A large avalanche in the Austrian Alps killed five skiing enthusiasts from the Czech Republic on Saturday and injured two, investigators in the city of Innsbruck said.
The injured were not in a life-threatening condition. The remaining members of the 17-strong tour group were uninjured.
The snow buried the whole group, all Czech nationals on a skiing holiday near the Innsbruck, which is the capital of the Tyrol region, when the avalanche hit at 12:45 pm (1145 GMT).
The group, all experienced skiers, had been warned of the heightened risk of avalanches before they went up the mountain.
The Czech skiers were in two groups on a steep slope on the way up the 2,800-metre high Geier mountain when they were struck by the avalanche, which police said was several hundreds metres wide and equally long.
The scene of the accident is a training area for the Austrian Army that is also used by ski tour groups, ORF broadcaster reported.
The avalanche occurred near the village of Wattenburg some 25 kilometres from Innsbruck in the west of Austria.
The well-equipped group has returned to the Lizumer alpine association hut in the Tux Alps for many years, owner Anton Nigg told dpa. He said the group consisted of 15 men and two women.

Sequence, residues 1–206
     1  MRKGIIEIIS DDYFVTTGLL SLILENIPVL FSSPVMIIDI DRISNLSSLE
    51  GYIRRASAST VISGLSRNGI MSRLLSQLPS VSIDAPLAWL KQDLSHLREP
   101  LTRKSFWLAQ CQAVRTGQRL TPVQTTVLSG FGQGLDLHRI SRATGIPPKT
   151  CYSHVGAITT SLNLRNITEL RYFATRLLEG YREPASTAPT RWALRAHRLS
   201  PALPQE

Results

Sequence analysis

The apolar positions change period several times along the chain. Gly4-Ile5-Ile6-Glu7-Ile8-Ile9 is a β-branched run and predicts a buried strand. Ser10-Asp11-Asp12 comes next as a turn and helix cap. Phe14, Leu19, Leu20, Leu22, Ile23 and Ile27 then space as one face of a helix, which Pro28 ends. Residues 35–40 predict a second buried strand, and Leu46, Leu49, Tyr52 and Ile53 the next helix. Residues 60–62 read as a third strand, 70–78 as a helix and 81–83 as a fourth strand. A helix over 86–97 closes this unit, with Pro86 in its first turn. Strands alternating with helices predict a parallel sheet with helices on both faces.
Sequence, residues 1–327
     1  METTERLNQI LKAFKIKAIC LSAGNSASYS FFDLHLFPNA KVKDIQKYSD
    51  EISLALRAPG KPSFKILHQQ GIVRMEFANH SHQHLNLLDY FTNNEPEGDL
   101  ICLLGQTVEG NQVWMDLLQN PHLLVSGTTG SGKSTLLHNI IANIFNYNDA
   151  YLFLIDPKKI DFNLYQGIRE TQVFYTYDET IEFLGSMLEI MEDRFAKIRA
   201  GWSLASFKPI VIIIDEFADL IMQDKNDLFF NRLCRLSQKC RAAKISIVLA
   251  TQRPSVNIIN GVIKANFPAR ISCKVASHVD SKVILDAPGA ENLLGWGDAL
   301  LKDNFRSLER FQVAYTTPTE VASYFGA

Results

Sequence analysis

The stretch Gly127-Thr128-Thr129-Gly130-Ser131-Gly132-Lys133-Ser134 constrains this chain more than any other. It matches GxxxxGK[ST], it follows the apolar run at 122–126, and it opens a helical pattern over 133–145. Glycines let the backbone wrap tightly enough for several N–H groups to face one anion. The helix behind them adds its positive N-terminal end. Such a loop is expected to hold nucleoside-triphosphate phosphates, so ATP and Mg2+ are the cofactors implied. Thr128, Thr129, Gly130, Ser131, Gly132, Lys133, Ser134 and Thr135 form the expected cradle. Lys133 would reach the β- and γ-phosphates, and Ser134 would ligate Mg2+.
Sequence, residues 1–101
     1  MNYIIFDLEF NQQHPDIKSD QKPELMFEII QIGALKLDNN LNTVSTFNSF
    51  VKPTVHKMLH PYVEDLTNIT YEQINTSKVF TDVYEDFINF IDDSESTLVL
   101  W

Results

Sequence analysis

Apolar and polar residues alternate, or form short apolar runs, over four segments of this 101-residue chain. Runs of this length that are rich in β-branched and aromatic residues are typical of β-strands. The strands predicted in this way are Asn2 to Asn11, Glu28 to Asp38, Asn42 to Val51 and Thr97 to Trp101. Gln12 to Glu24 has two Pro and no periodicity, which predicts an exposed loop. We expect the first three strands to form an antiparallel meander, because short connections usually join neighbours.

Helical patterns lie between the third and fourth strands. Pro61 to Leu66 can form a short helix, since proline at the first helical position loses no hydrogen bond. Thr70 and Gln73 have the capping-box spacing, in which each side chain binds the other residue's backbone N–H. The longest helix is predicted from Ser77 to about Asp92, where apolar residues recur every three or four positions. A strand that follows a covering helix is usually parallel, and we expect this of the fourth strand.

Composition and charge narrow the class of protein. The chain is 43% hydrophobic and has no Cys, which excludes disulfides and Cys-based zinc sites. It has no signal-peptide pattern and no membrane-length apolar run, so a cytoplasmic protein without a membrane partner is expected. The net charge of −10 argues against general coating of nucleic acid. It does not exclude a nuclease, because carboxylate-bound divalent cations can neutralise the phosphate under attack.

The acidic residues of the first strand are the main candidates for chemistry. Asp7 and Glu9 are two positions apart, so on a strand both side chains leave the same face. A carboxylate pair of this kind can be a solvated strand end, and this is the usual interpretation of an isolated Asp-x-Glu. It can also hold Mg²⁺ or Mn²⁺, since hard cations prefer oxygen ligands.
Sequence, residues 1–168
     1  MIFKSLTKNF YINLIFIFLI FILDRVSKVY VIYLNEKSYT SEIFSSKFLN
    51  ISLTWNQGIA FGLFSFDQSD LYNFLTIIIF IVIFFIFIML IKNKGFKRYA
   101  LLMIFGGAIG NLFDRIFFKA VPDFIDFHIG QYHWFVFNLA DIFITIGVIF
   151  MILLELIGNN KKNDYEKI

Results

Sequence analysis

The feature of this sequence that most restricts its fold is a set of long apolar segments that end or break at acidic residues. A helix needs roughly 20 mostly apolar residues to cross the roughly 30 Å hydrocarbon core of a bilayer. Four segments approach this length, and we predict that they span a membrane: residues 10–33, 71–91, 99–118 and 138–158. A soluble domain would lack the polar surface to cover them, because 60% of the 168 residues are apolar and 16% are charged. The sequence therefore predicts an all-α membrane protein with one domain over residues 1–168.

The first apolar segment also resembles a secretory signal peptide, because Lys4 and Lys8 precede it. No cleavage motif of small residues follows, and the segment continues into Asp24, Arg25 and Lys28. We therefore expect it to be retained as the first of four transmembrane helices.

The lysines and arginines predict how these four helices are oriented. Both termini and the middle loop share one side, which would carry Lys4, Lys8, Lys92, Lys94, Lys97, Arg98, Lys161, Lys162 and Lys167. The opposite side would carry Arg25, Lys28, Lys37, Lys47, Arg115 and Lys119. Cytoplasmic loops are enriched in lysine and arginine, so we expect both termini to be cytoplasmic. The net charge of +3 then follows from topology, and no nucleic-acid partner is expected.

"I told my guests that I would not go today," Nigg said, adding that he posts an avalanche report every day and also talks to every skier about the possible dangers.
The risk of avalanches in Tyrol on Saturday was significant at level three on the five-point hazard scale. There had been snow slips the whole day in the popular skiing region near the German border.
Martin Waldhart of mountain rescue said at a press conference that the group had been in an "absolute risk zone."
Another skier had seen the avalanche from a distance and alerted the emergency services. Investigators were looking into whether the Czechs had caused the avalanche themselves.
Rescue teams used specially trained dogs and four helicopters as part of the operation. Some of the skiers had managed to free themselves before the rescue workers arrived.
There was also a heightened risk of avalanches in the German Alps, according to the avalanche warning service in the city of Munich. An individual skier or snowboarder could set one off above 2,000 metres. The situation was made worse by mild temperatures during the day and strong sunshine, the service warned.
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